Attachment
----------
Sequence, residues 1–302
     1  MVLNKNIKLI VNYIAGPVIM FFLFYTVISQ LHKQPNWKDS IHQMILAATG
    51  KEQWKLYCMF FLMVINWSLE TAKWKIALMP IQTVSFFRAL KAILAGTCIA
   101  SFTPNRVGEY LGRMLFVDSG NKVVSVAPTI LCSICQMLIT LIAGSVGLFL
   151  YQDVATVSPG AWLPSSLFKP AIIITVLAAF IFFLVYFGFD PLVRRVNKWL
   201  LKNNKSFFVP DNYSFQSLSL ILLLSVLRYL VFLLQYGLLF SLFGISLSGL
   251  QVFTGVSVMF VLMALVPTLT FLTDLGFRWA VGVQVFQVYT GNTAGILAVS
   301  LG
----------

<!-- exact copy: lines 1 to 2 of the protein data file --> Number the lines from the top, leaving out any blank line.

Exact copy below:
Sequence, residues 1–302
     1  MVLNKNIKLI VNYIAGPVIM FFLFYTVISQ LHKQPNWKDS IHQMILAATG